Concert Review: Perfume Genius + serpentwithteeth @ Theatre Fairmount


The room was already nearly full when I arrived 15 minutes early, wandering over to the merch booth to look at the t-shirts and gold ‘No Shape’ necklaces. The stage was dimly lit and bristling with palm fronds which looked fake, but must have been real because the tips were starting to brown. I managed to get up close just in time.

serpentwithteeth took the stage and it all began, Josiah Wise’s flawless voice winding and fluttering as string and horn samples unfolded over watery kick drums. The combination was effective and arresting: minimal looped gospel-tinged meditations centered around desire, attraction, and queer intimacy. He seemed to glower, basking in the ominous energy of the music and then slipping easily into quick-witted banter between songs, trading barbs with some rowdy audience members and working his lyrical content into an ongoing conversation. While the slippery sounds and his sometimes menacing presentation seemed at first designed to be off-putting, his gorgeous vocal delivery and fearless vulnerability soon won the room over, and he was gone from the stage much too soon.

After a short wait, a bass-boosted-beyond-all-recognition version of Massive Attack’s “Teardrop” gave way to an instrumental rendition of “Choir” from this year’s thrilling No Shape LP, and then Perfume Genius strode into view. About a minute in, set and album opener “Otherside” proved itself to be the ideal kickoff track as the delicate piano arpeggios and Mike Hadreas’s cracked falsetto dropped suddenly into a sparkling chorus of soaring pads and tooth-rattling bass. This dynamic played out easily into the rest of the set as the band pivoted smoothly between hushed, beautiful moments and ponderous, locked grooves. The whole vibe of the performance was cohesive, right down to the sartorial choices: Mike wore a scandalous bare-shouldered classy outfit, and it only served to emphasize the way he slunk across the stage mid-song.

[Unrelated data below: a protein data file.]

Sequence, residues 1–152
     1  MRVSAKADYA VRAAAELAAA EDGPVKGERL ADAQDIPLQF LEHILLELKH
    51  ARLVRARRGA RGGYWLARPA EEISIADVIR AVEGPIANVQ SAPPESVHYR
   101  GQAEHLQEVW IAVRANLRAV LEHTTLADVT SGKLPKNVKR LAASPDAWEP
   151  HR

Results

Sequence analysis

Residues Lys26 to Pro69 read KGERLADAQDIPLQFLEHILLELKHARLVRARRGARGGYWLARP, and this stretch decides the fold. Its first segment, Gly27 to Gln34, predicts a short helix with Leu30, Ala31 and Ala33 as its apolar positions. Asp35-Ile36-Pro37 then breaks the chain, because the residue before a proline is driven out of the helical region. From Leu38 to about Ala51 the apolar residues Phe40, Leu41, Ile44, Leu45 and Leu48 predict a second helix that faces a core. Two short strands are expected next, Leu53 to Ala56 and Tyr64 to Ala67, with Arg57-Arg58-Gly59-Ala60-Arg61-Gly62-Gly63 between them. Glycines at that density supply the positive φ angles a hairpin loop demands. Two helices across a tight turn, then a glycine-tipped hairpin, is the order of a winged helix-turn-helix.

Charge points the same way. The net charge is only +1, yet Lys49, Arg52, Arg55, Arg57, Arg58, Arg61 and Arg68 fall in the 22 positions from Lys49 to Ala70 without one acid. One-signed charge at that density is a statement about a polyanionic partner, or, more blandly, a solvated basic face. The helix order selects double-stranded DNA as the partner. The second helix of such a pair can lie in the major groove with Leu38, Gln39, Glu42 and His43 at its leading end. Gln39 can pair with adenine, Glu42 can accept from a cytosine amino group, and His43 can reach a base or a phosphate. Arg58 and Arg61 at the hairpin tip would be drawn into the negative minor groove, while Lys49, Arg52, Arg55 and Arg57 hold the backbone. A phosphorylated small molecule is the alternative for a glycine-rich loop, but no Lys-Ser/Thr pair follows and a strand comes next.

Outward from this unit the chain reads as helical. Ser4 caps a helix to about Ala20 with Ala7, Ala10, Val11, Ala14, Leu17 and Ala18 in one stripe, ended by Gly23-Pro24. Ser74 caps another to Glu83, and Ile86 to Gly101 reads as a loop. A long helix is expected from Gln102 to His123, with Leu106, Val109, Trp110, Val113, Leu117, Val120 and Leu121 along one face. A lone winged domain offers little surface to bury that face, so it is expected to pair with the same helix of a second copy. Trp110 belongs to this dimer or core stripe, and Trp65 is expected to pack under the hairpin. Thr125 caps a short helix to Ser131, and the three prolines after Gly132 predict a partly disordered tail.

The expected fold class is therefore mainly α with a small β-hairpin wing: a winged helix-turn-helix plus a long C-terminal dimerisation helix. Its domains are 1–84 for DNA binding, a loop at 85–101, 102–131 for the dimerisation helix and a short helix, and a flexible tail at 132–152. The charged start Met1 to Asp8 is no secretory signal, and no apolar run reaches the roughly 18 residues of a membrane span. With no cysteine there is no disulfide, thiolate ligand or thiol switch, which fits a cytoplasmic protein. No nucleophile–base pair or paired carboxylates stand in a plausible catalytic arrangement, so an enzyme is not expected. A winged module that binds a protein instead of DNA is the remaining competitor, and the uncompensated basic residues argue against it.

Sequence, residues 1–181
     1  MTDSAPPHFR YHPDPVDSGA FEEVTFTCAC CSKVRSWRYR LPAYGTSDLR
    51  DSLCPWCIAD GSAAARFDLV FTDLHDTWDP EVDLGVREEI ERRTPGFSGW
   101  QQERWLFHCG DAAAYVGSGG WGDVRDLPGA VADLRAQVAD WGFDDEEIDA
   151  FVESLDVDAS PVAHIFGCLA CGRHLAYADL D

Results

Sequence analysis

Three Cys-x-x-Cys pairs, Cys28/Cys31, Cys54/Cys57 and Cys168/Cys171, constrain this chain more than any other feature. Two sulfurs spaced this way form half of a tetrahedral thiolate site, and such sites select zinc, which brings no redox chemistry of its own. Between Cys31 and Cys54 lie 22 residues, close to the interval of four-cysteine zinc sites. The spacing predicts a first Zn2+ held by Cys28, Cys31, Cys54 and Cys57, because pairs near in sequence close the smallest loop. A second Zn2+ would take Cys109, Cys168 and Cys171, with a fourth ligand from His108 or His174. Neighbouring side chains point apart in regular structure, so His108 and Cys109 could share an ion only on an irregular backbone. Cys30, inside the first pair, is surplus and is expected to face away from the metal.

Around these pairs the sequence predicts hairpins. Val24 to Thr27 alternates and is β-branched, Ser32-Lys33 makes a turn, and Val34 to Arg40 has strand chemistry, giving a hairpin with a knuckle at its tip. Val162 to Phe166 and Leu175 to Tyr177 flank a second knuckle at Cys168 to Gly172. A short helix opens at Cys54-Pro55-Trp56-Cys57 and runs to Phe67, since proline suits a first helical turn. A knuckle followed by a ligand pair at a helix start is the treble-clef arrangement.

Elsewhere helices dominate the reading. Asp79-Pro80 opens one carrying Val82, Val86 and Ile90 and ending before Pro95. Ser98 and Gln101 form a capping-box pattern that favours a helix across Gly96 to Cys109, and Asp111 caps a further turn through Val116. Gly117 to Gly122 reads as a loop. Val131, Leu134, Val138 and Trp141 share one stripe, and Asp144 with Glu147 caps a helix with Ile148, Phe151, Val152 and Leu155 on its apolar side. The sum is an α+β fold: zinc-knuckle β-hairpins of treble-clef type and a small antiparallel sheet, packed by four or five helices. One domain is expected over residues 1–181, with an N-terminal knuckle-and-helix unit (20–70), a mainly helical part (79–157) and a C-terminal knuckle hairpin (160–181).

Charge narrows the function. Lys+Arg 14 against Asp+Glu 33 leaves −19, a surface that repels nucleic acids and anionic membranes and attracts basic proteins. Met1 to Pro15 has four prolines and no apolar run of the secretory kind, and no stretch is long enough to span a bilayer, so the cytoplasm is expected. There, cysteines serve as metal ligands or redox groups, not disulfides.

Highlight tracks included the stuttering “Go Ahead,” the trip-hop-drenched “Die 4 You” and the absolutely ecstatic yodel of “Wreath.” While at times the mood reflected all sorts of melancholic and introspective shades, the overarching thread was one of triumph, of security, of winking self-awareness. Mike’s strange and authentic sense of humor was on display throughout, along with the obvious affection between all sharing the stage. Quieting down for the encore, we were treated to a couple solo piano numbers, culminating in the rest of the band returning for a dazzling rendition of “Hood” off his 2012 LP Put Your Back N 2 It. The show closed perfectly with the towering snarl of queer anthem “Queen” and then it was over, and I followed the flushed audience out onto Parc, surrounded by straight dudes proclaiming loudly to all within earshot that “that was actually really sick.”